Independent Member. By A. P. Herbert (Methuen. 2 is.) As everyone who knows him realises, Sir Alan Herbert's command of humour conceals a great deal of earnest purpose. Proof enough of that is that he put to his credit an achievement beyond that of any other private Member in the last fifteen years by getting his Matrimonial Causes Bill on the statute-book in 1937, two years after his election as Junior Burgess for Oxford. The present volume travels from that election to the Valedictory speech which (like so many projected valedictory speeches at the end of the 1945 Parliament) was never delivered, because Parliament, having adjourned before Christmas, was prorogued without ever meeting again. A. P. H. is both versatile and voluminous. In this (his fifty-fourth) hook he is a little too voluminous. Close on five hundred pages, divided into eighty-two chapters; are generous measure for a period of fifteen years ; and entertaining as the Junior—for one period Senior—Burgess's speeches in the House always were, pages of small print lifted straight from Hansard break the run of a narrative rather badly. The book, of course„ like the speeches, is. full .of entertainment. Hardly one of the writer's manifold and varied activities (except his distinguished annual boat-race parties) is omitted. There is, of course, Parliament, and all the lost causes, as well as the brilliantly won cause, that A. P. H. championed there ; there is the thrilling story of the war record of H.M.S. Water Gipsy, Petty Officer Alan Herbert in command, between Hammersmith and Southend ; there are the contributions to Punch ; there are the musical plays hke Big Ben and Bless the Bride. If Independent Member occasionally seems something of a medley, it ivherause its writer's life, through the war years in particular, was a .medley itself. Primarily, as the title implies, this is a record of Parliamentary life ; but at every turn distraction comes breaking in, and we are whirled off to the Theatre or down the Thames or across to Newfoundland (on nothing did Alan Herbert feel more strongly than the decision against a continuance of self-government for the oldest Dominion) or, now and then, to Oxford.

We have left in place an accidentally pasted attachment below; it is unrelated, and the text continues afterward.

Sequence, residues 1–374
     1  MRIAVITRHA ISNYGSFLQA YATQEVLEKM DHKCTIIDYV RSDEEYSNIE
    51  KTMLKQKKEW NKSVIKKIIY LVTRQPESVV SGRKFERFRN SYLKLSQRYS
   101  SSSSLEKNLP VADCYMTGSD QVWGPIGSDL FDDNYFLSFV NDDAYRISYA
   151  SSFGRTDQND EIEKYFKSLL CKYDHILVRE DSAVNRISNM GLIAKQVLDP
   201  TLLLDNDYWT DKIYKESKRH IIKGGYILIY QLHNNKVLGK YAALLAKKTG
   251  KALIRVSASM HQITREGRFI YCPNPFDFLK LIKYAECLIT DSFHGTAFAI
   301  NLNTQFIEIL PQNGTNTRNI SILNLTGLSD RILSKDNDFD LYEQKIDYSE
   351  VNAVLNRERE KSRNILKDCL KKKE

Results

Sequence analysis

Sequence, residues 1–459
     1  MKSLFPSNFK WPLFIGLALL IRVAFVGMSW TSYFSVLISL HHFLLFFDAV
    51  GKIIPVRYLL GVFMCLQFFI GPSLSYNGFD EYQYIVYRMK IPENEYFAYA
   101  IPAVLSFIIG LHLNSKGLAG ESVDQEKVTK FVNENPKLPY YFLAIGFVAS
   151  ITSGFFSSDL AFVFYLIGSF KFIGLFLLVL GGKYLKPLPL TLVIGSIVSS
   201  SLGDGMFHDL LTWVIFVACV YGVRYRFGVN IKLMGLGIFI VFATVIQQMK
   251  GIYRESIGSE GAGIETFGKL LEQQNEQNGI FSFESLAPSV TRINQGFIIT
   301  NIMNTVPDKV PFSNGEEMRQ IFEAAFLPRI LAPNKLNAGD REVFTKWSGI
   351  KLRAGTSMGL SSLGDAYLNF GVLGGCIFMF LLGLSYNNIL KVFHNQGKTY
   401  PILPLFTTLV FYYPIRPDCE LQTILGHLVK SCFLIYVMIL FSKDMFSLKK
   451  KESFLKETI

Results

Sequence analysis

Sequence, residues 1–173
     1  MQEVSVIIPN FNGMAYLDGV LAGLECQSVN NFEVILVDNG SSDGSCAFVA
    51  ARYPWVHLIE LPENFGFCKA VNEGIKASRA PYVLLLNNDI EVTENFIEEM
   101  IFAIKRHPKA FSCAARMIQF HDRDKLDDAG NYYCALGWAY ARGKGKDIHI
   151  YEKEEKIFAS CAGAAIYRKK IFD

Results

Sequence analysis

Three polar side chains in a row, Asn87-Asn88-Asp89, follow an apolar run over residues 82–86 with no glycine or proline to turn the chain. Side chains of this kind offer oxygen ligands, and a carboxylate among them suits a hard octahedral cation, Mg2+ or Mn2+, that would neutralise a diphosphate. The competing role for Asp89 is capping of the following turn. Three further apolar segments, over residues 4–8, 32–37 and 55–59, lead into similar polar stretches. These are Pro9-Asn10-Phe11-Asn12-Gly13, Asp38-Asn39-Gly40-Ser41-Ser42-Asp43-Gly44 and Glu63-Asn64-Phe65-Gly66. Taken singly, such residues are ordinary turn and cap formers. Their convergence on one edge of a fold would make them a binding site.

As an Independent (with, as he confesses, a slight leaning to the Right), A. P. H. filled a unique place in the House of Commons, and he would have achieved greater distinction if Private Members' time had not been in abeyance for ten or eleven out of his fifteen years in the House ; for it was as a free-lance, bursting with ideas of reform, that he shone. He did just what a University Member should do, and his trenchant chapter on the abolition of the University franchise is one of the best in the book. A rather fuller discussion Of the opportunities and the disabilities of the Independent Member would have been welcome ; but one sound rule is laid down, in the private vow registered by this particular Independent Member, that he would never vote unless he-was quite sure (a) what he was voting about, and (b) what he thought. Such freedom, coupled with independence of Whips in other respects, amply compensates the Independefit Member for many other sweets he can never enjoy. No Independent leaves a more obvious gap in the life of the House of Commons than A. P. H., and his book shows what the gap means, inevitably, to himself. He has made a notable addition to the numerous books on Parliament, though in that field his earlier The Ayes Have It, I think, remains his best contribution.